Upcoming Fabric Of the Week contest theme: BUGS!

JAN 22, 2010 updated May 30, 2016

Upcoming Spoonflower fabric design contest themes:

INSECTS: Yes, bugs. Easy, no? Deadline is Monday, February 1, at noon EST. The entry form is HERE.

CHILDRENS' PRINTS: This
contest is built around creating prints good for using in children's
clothes. For thoughts on this as a style, you should definitely read
this insightful essay by the brilliant Liesl Gibson at Oliver & S: "principles of fabric selection: approach juvenile prints with caution". Deadline is Monday, January 25, at noon EST. The entry form is HERE.

  • The winner of each week's contest receives 5 yards of free custom fabric.
  • Be sure to review our contest FAQ before entering.
  • We'll continue to announce new themes two or three weeks ahead of time via our weekly newsletter (which you can sign up to receive here).

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  • From the Spoonflower contests FAQ: ‘All submitted designs must be your own (you cannot nominate other people’s designs or use designs based upon other people’s work)’
    OK so this seems obvious. No plagiarism. Completely get it. But do I?
    It all comes down to that little phrase ‘based on’. What does this mean? Clearly we can’t copy and paste someone else’s work into our own, unless it is public domain. But say we want to include a picture of a horse in our design, and we get a photo off the internet, and draw a copy of the horse? Is this plagiarism? Should we have gone and taken our own photo of a horse? Imagine we want to make a fabric using repeats of a snowflake that is microscopic in real life. Do we have to collect the snowflake, create cold enough conditions to preserve it, put it in a petri dish, view it and photograph it through a microscope, or is it ok to look at pictures on the internet or copy something from a book or National Geographic?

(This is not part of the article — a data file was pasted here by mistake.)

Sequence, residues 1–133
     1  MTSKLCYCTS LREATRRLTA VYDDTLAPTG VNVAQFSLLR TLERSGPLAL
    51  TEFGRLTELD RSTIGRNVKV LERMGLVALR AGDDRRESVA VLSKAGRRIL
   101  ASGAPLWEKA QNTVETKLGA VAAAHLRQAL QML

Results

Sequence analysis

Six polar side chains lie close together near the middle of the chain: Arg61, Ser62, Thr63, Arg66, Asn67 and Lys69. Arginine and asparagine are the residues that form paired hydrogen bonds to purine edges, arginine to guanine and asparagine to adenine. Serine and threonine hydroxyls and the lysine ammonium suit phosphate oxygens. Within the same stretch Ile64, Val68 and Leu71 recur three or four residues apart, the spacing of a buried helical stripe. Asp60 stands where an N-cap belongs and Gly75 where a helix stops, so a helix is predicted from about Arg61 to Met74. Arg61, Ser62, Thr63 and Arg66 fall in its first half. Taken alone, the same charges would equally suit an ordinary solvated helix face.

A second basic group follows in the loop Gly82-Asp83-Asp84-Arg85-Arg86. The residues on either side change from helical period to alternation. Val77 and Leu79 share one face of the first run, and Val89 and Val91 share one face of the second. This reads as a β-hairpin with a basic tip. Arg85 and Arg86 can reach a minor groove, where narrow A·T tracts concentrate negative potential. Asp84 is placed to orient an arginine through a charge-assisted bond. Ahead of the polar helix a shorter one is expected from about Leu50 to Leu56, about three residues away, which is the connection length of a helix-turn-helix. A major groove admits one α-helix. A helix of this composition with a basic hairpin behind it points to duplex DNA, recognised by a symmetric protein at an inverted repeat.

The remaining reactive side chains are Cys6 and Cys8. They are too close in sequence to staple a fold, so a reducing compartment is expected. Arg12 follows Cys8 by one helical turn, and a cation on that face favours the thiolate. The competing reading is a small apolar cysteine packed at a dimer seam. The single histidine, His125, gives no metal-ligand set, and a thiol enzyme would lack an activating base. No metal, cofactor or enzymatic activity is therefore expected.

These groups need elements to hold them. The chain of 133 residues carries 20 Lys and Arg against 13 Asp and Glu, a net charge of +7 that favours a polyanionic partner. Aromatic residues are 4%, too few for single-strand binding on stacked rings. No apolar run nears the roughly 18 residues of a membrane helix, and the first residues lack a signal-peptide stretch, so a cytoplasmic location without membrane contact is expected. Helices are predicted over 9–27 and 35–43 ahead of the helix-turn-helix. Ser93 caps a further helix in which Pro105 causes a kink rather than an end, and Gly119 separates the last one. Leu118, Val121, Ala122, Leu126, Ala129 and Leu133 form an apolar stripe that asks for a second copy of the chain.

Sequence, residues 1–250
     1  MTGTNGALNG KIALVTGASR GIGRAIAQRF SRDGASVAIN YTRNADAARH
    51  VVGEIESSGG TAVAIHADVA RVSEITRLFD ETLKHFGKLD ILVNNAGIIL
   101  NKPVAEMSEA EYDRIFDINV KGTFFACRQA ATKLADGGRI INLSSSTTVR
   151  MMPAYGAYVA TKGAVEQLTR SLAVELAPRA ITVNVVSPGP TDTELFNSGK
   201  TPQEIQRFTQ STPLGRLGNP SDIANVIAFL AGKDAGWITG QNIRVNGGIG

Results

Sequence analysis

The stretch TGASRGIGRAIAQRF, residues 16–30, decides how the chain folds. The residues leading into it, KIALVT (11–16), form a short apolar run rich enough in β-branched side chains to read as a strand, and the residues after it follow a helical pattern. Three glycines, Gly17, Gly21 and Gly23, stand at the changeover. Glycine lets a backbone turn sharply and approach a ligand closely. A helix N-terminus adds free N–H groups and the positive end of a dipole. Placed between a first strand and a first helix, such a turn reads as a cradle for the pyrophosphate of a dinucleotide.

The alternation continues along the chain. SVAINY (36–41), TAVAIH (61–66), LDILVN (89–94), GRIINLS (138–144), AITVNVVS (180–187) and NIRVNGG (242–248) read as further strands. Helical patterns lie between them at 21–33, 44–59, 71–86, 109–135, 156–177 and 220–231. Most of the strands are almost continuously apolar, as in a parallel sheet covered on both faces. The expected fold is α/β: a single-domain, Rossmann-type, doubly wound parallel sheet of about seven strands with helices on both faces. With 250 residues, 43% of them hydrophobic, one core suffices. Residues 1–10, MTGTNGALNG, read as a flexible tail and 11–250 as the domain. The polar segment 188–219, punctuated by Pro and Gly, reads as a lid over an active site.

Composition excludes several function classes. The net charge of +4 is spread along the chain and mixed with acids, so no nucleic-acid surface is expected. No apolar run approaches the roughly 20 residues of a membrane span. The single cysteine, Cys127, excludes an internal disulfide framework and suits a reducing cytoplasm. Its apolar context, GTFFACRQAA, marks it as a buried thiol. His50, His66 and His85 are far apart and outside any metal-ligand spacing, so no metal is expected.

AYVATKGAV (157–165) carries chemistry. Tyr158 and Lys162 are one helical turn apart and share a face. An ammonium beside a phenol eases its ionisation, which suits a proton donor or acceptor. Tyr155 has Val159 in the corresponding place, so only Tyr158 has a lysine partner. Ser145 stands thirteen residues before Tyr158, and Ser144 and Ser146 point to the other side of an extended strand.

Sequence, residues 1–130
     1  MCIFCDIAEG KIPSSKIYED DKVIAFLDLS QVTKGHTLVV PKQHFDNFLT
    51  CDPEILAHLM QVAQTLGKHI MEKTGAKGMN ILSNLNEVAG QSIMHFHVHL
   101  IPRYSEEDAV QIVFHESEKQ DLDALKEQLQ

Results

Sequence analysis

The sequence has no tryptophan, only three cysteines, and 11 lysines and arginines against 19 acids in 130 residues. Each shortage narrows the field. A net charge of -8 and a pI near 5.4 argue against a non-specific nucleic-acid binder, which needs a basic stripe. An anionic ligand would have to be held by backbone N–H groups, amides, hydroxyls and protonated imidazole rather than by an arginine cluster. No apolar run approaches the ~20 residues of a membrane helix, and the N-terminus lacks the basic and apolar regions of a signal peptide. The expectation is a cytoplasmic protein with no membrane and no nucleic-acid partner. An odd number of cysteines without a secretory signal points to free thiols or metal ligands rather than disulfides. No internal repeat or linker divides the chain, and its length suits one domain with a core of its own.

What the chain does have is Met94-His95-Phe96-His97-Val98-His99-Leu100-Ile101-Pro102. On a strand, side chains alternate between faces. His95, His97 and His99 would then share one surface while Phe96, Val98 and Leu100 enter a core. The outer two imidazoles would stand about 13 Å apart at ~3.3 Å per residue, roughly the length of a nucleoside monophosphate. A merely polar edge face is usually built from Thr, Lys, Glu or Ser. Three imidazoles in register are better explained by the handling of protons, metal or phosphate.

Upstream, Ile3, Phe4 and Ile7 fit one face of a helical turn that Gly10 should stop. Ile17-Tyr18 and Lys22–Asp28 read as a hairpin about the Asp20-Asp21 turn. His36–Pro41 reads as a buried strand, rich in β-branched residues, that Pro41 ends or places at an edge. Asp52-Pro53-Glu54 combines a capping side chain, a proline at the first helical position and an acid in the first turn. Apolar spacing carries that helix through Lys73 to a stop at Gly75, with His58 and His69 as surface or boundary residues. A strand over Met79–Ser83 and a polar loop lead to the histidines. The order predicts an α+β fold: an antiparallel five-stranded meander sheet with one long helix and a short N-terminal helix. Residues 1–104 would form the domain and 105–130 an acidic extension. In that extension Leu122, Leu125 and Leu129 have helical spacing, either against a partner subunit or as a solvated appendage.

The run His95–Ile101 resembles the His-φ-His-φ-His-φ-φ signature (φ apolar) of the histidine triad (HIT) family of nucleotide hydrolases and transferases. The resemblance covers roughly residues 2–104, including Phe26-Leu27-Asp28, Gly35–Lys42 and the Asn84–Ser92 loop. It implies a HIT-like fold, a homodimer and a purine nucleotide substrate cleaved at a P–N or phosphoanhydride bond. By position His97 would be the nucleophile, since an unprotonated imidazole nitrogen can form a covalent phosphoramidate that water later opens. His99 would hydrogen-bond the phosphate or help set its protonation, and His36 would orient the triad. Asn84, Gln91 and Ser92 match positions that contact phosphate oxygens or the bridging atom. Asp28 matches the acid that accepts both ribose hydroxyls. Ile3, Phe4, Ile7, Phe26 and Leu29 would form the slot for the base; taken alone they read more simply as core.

So let’s imagine it’s ok to look at pictures on the internet, what kind of pictures is it ok to look at? Is it worse to copy someone else’s line drawing than it is to copy someone else’s photograph. Where do we draw the line (pun not intended)? Is copying something by eye ok when copying something using a photocopier or scanner is not?
    What if we were to copy by hand a part of a drawing or painting but alter it in some way – in terms of colour or medium or through changing the direction of some of the lines…? Is this OK?
    I’d be interested in a debate about this one. Any opinions anyone?